Q. I have recurring vaginal yeast infections. Is there something I can use to treat them without having to see my doctor each time? He'll only give me a non-refillable prescription. A. Vaginal yeast infections, also known as monilia or candida infections, can be annoyingly difficult to clear up. If you've had several typical bouts, with no unusual features, I think it's reasonable to ask your doctor for a refillable prescription.

Some conditions make you more likely to suffer from recurrent yeast infections. Diabetes is the most notable, and it's probably worth getting a blood sugar test to check for this. Others are pregnancy, use of birth control pills, and use of antibiotics, particularly tetracycline- and penicillin-type medications.

Feminine hygiene sprays and frequent douching also may change the normal vaginal environment and lead to yeast infections.

Yeast grows better in moist environments, so panty hose and noncotton underwear may make you more likely to have recurring vaginal yeast infections.

Medicated douches containing the antiseptic substance povidone-iodine are sometimes effective remedies for vaginal yeast infections. Two brands, available without a prescription, are Betadine douche and Massengill Medicated douche. If you have a severe yeast infection, these douches may be irritating. Also, you shouldn't use these products during pregnancy unless prescribed by your doctor.

Another approach used in treating troublesome yeast infections is taking an antiyeast medicine called nystatin by mouth. Sometimes this is also prescribed for the male sexual partner, the idea being that he can be a carrier of yeast. This type of therapy is not used very often because the standard treatment using medicated creams or vaginal suppositories is very effective.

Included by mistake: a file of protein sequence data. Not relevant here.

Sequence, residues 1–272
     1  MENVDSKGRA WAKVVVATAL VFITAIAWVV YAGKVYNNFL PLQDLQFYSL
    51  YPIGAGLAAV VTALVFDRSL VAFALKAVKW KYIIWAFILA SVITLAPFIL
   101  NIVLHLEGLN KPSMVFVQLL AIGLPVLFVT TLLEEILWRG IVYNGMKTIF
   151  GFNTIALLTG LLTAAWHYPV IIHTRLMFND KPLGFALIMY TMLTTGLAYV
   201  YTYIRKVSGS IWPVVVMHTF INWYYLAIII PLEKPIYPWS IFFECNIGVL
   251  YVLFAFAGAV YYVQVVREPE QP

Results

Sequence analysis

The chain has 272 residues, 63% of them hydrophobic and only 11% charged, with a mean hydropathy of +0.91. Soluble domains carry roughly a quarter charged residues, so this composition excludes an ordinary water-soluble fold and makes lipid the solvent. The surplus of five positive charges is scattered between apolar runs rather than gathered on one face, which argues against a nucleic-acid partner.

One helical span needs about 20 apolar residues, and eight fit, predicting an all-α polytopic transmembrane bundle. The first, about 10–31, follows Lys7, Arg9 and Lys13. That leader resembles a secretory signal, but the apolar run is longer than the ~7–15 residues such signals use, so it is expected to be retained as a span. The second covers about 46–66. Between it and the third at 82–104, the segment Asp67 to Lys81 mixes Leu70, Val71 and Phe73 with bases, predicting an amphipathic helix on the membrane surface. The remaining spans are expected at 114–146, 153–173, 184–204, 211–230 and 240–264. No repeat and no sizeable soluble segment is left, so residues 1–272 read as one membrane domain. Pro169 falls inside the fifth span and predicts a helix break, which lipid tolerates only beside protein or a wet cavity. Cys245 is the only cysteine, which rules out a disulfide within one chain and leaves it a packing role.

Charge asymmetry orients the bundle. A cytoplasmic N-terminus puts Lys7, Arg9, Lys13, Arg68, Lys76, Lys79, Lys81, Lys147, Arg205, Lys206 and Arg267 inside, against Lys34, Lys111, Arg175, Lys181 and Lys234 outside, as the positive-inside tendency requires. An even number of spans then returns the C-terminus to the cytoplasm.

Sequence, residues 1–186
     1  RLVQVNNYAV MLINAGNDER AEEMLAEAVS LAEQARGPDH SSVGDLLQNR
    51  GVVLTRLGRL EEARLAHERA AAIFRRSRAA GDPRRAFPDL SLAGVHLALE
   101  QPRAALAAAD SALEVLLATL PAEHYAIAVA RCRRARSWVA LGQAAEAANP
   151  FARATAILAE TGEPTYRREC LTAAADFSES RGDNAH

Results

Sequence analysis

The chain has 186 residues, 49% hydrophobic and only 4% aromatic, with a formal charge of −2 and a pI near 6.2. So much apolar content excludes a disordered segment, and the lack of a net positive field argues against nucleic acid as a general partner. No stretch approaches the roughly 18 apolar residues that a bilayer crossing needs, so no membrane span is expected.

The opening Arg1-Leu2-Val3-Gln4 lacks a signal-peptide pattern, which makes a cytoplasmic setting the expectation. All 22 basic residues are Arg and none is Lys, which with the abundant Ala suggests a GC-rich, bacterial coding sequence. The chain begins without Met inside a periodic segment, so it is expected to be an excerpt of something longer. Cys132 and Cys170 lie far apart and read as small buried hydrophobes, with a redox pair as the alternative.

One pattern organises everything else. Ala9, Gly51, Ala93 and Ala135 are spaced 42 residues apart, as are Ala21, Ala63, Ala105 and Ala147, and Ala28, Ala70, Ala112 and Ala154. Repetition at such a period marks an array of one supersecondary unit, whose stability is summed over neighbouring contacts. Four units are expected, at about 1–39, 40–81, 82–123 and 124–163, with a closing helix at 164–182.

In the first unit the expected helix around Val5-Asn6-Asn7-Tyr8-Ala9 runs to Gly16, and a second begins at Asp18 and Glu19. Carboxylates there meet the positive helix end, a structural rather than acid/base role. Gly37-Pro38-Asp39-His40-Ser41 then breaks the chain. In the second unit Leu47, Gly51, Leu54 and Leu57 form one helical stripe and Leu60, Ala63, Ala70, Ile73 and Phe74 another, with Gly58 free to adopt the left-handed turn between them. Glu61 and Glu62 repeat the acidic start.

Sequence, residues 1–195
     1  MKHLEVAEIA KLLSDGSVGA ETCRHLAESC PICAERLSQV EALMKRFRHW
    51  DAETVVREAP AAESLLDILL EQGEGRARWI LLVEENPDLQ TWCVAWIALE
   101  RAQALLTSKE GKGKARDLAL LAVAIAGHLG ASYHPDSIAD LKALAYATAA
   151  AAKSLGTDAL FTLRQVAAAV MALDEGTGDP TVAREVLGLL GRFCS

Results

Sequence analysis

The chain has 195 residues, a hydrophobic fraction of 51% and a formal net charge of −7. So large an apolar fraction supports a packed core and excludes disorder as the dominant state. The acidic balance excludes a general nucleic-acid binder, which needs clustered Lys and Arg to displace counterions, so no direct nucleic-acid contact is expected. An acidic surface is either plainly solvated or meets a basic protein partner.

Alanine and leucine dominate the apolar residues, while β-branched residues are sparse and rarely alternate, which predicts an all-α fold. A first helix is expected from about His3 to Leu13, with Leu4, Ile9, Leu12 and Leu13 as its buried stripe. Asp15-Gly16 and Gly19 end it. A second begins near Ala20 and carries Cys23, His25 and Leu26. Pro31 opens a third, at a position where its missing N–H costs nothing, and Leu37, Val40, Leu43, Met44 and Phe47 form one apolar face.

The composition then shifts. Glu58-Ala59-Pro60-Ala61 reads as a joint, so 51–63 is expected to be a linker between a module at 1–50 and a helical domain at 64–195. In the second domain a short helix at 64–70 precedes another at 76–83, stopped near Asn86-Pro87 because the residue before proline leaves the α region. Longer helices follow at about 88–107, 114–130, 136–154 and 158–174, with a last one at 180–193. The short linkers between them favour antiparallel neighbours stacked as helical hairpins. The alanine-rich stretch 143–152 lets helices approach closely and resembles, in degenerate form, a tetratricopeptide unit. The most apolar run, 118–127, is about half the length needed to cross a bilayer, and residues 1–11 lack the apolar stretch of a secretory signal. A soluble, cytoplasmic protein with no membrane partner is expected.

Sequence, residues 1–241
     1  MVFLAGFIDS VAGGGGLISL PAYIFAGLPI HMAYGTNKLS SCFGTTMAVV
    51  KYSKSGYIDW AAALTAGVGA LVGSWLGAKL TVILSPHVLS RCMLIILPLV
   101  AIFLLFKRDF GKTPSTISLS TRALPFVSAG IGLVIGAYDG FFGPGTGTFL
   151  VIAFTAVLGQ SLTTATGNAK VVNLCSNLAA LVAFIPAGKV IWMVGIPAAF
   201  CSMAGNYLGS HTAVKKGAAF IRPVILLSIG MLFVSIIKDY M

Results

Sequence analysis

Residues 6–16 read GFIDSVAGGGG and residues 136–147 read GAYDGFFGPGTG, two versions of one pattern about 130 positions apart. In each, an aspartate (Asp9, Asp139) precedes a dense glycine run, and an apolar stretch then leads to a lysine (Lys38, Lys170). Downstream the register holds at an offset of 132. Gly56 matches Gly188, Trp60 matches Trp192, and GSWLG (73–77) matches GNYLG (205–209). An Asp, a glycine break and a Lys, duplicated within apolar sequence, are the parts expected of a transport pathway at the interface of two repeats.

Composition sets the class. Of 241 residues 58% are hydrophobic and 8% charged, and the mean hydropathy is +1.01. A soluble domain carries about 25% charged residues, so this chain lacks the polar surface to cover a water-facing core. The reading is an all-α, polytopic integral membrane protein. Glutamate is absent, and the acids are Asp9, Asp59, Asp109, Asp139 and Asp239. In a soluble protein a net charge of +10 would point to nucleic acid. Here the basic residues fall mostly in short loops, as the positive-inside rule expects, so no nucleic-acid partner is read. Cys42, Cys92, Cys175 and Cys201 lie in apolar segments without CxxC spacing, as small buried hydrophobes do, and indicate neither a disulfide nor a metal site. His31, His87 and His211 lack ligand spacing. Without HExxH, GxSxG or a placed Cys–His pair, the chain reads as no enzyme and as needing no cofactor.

The Washington Women's Self-Help Group recommends inserting yogurt into the vagina to combat yeast infections. The active cultures supposedly create an environment hostile to the yeast. As yet, few scientific studies support the effectiveness of this strategy. Q. I never hear anything about the hazards of cigar or pipe smoking. Are they dangerous? A. Cigarette smoking is associated with more than 300,000 deaths each year. Understandably, the surgeon general has proclaimed cigarette smoking the nation's largest preventable health problem.

As some people have given up cigarettes for other forms of tobacco, doctors are seeing increasing dangers with cigarette substitutes, such as cigar or pipe smoking, snuff and chewing tobacco. Most significantly, doctors have linked these tobacco products to oral cancer, a potentially fatal disease. The risks of other cancers and heart disease is greater in cigarette smokers compared with pipe and cigar smokers, but for cigar and pipe smokers who inhale -- a common practice among former cigarette smokers -- the risks are greatly increased. I think it's wise to consider tobacco harmful in any form, and recommend avoiding it entirely. Q. I have a small, bean-shaped lump on my anus. It's not painful, only a little itchy. What could this be? A. Only an exam by your doctor could tell for sure. In most cases, what you describe turns out to be an external hemorrhoid, also known as a pile.

Hemorrhoids are swellings in the veins that are normally present just inside the anal opening. However, an unusual lump or swelling is one of the seven warning signs of cancer, so it's best to have your doctor check any unexpected lump. The American Cancer Society also recommends yearly rectal examinations and stool tests to check for rectal and colon cancer in all adults over 40.